Friedrich Schiller: Crime, Aesthetics, and the Poetics of Punishment

Friedrich Schiller: Crime, Aesthetics, and the Poetics of Punishment

Friedrich Schiller: Crime, Aesthetics, and the Poetics of Punishment

Friedrich Schiller: Crime, Aesthetics, and the Poetics of Punishment

Synopsis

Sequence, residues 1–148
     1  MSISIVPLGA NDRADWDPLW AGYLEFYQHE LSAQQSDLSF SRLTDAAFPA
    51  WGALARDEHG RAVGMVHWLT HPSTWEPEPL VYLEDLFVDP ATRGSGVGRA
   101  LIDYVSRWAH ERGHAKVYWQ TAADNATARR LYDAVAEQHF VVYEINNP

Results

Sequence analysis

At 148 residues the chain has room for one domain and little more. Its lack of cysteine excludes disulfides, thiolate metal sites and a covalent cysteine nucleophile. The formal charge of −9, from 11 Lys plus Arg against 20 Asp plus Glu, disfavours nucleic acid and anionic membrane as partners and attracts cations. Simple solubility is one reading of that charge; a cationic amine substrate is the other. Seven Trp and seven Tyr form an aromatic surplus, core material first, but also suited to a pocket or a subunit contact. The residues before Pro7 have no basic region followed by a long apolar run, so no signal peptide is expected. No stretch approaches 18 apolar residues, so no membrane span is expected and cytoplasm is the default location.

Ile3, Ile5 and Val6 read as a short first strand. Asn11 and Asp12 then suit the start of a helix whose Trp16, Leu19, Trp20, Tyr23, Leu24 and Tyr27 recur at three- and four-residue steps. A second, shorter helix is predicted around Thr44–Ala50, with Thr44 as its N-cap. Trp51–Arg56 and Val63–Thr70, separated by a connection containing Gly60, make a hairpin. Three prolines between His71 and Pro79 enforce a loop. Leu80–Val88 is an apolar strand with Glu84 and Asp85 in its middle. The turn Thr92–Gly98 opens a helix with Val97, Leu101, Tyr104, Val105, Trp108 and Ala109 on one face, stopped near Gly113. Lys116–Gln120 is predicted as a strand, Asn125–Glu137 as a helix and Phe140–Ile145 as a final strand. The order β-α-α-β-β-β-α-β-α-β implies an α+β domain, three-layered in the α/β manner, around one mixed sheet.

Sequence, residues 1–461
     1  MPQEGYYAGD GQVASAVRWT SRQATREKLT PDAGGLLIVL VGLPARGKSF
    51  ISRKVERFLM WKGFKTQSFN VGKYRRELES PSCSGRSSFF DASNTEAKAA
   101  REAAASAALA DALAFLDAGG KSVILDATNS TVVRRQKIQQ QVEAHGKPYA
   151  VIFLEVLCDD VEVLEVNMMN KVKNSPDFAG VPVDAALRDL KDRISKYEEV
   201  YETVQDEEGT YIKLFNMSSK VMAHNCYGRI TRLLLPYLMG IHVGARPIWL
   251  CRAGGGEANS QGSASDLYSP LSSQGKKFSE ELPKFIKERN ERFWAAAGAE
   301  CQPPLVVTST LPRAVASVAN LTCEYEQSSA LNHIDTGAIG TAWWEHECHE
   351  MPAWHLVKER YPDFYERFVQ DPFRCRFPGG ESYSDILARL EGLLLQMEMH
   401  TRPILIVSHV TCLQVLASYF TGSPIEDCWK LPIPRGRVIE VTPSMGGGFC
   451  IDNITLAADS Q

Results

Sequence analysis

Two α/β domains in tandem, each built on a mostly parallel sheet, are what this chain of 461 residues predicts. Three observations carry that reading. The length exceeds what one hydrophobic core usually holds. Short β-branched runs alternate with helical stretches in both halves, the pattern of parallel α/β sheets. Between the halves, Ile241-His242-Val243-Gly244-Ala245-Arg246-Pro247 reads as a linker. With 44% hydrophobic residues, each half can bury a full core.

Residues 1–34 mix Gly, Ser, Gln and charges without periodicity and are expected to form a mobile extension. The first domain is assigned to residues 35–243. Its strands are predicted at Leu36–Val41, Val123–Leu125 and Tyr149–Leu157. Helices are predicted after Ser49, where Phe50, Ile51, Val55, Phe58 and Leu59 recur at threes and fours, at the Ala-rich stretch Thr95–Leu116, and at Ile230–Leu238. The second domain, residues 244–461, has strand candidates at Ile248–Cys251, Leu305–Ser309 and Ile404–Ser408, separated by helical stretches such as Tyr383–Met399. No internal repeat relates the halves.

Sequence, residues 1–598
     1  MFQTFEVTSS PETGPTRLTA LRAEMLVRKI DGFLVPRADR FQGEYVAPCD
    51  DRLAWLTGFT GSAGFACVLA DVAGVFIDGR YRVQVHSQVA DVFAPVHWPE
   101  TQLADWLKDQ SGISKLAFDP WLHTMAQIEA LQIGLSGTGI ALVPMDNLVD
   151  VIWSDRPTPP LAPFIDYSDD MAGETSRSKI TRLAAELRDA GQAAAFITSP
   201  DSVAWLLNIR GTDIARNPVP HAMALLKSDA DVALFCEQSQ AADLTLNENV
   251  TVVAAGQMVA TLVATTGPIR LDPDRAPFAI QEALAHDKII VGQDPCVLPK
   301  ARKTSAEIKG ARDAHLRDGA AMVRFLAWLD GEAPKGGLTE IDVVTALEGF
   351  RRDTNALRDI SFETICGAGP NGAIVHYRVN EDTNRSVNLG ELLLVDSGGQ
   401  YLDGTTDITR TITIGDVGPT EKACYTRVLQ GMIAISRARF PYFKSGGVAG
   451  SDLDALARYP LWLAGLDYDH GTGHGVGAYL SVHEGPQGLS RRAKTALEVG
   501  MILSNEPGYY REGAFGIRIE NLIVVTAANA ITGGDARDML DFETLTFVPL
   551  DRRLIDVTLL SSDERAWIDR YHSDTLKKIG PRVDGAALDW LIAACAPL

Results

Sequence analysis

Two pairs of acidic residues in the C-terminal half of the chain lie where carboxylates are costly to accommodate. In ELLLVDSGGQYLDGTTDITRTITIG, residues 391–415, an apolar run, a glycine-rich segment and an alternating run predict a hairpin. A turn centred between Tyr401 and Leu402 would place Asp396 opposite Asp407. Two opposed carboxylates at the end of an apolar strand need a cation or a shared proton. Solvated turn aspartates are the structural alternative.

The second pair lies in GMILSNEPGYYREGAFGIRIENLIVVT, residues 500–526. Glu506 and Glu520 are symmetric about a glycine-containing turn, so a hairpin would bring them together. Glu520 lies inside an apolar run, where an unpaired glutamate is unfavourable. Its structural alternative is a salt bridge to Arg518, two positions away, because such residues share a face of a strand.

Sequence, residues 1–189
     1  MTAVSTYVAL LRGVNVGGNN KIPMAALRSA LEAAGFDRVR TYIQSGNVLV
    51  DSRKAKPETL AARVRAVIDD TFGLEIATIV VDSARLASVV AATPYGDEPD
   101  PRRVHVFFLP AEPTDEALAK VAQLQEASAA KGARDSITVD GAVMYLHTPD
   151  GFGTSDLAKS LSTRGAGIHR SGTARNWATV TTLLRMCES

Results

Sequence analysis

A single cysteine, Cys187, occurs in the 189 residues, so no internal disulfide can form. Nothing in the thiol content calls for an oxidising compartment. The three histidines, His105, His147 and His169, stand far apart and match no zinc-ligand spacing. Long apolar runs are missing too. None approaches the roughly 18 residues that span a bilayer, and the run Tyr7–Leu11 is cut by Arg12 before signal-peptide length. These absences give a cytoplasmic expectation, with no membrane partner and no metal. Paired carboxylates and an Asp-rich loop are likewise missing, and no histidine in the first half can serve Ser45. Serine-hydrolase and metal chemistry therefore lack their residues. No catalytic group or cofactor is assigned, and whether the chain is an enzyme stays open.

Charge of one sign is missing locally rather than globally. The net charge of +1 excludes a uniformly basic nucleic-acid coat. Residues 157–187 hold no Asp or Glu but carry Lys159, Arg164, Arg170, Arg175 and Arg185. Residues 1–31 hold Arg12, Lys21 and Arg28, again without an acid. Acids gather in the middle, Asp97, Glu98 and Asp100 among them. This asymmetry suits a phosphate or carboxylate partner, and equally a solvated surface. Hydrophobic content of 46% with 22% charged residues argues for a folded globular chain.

Schiller's fascination with crime and criminals is well-documented, but relatively little scholarship exists on his engagement with punishment, either as state-sponsored retribution or as a neutralizing gesture intended to restore pre-crime equilibrium. While pointing to new ways of receiving and reacting to crime in his dramas, fiction, and theoretical essays. Schiller exposes retributive punishment as an inadequate answer to the complex phenomenon of the criminal. By discrediting retribution, Schiller intervenes in both political and aesthetic debates as he dispenses with the legal and aesthetic balance, so capably expressed by Kant: If he has murdered, then he must die. The balance, re-ordering, or regularity achieved by adequately punishing an offender are here related to the instinct for harmony that governs eighteenth-century notions of beauty and it is the affinity between the pursuit of symmetry in social penal discourse and the symmetry that pleases or satisfies the -aesthetic spectator/reader that forms the background of this inquiry.
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